personally, given my driving needs, I happily trade my daily refueling at home and having not been to a gas station for 10 months for the very occasional “cost” of needing to think about non-home charging on long distance trips

and conversely, it demonstrates the true Achilles heel of the Lightning, which in effect has 60% of the fuel tank and even less (non-home) chargers compared to a 500mi CT

Ford (and others) needs bigger batteries (and/or less drag) and more refueling stations, to be viable for all but the most patient of owners that regularly drive long distances (or tow heavy).

If the CT instead has only 350mi range (esp given Tesla’s notorious range optimism), it’s leg up (in these range topics) will reduce to charging infrastructure

back to Nebraska
I miss the sandhills with all my heart:love:
 
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SSonnentag

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the conclusion is that a truck that starts with 480mi of unladen range can tow further than a truck that starts with 320mi of unladen range. Both trucks experience more or less 65% reduction in range towing

that difference of 69% reduction (lightning) vs 63% (GMC) is within expected differences of even two identical aero trucks with different ICE motors: see above compare of ICE F150 V8 vs EcoBoost, 55% vs 68% towing range reduction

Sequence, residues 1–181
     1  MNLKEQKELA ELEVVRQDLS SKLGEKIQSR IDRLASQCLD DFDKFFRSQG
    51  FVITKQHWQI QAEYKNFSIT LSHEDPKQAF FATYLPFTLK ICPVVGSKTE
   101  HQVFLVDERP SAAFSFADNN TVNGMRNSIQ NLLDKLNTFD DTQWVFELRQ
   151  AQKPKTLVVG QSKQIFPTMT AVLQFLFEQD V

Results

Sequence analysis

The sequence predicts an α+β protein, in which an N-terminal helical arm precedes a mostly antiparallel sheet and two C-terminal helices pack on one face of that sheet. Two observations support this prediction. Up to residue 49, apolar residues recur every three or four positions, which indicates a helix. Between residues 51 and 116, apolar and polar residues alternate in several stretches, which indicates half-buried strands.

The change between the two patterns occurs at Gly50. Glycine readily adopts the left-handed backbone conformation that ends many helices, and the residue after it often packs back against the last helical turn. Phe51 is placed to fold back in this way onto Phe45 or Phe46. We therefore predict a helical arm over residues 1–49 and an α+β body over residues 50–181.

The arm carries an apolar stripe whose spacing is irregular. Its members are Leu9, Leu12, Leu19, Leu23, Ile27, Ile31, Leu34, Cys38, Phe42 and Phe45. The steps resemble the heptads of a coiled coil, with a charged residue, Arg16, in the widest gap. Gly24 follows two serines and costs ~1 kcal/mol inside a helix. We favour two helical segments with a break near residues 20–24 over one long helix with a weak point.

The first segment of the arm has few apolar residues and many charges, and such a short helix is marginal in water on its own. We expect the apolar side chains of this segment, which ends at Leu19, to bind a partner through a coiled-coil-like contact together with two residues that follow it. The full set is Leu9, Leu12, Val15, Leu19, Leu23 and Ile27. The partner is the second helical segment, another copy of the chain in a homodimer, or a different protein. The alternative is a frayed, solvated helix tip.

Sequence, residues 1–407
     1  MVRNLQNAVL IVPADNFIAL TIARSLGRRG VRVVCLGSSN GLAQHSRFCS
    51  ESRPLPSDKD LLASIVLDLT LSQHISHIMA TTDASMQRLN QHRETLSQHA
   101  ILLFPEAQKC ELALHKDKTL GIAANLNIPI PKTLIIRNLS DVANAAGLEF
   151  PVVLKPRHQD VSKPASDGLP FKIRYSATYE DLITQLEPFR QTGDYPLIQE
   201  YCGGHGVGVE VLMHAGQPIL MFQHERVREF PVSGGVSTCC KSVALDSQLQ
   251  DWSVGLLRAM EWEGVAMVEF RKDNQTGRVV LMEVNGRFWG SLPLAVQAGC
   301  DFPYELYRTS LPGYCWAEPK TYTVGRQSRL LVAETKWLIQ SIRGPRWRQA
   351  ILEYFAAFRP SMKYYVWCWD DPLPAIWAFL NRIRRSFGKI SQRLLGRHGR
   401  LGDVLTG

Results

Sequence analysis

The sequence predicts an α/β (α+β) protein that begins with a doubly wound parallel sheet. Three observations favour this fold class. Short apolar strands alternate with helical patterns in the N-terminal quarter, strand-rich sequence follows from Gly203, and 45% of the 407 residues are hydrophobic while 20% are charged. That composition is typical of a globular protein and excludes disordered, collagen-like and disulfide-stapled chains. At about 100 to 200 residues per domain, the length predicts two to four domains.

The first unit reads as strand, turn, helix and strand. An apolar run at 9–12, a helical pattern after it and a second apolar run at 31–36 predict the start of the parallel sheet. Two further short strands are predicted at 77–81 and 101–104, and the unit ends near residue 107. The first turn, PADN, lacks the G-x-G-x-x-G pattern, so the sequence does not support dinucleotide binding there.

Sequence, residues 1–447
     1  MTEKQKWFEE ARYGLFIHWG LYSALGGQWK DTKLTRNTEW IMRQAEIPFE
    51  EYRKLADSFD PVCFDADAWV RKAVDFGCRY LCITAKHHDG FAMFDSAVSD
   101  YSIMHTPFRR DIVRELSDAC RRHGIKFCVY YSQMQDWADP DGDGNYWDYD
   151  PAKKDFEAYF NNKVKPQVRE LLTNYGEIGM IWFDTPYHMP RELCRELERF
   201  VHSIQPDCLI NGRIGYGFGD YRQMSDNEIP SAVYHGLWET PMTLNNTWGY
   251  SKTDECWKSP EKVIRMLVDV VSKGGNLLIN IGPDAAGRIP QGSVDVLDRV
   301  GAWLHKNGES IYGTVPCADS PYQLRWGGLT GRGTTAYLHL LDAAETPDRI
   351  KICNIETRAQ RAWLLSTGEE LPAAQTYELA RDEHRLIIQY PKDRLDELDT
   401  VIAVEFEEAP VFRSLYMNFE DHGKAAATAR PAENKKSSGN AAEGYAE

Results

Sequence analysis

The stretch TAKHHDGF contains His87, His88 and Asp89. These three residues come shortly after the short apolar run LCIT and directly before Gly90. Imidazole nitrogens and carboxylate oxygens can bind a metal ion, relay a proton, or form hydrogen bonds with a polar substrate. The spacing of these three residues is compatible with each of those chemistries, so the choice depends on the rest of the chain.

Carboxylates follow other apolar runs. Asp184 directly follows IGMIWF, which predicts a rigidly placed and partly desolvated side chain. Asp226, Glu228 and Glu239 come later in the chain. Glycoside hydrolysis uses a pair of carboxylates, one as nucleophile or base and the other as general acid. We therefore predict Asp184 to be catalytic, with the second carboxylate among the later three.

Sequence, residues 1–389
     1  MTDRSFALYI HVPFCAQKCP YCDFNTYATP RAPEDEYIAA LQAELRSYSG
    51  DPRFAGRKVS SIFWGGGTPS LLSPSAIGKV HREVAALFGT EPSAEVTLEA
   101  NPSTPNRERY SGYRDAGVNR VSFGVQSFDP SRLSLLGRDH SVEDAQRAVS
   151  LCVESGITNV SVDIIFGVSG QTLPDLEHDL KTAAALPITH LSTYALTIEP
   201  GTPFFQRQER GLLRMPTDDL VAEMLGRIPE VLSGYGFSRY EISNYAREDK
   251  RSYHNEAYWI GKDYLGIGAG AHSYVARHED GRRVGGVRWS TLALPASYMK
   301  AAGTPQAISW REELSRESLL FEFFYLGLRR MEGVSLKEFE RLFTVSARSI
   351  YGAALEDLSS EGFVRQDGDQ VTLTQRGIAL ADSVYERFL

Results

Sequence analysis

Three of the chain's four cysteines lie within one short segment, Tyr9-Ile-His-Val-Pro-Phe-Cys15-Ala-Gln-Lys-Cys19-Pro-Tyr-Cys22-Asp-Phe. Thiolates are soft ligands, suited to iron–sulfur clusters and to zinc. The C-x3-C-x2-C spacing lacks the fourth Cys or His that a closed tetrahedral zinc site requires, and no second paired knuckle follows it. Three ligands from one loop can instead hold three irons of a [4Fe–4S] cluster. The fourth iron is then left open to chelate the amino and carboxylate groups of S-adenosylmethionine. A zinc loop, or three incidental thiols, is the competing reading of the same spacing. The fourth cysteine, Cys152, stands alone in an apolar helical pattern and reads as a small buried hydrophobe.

I don’t see anything unique or magical about the Lightning % range reduction vs ICE, other than the comparatively small fuel tank
Good info, thanks! :D
 

cvalue13

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Today, top of line Platinum is $98K and with every option tops out at $100K

In no universe was that truck ever promised at $69K

Original, early ‘22, pricing had ER XLTs and ST Lariats around $69K - but that was several MSRP raises ago

Anyone who today is saying a Lightning is $115K is, at best, being taken for a ride
 

Sirfun

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I don't mean to harass you guys, but the 500 miles will be mixed driving, not highway.

-Crissa
That was part of what was really impressive to me about the Semi video showing 500 miles of range fully loaded. They were basically all Freeway miles, which is way harder in EVs. Of course the Semi was driving around 55mph.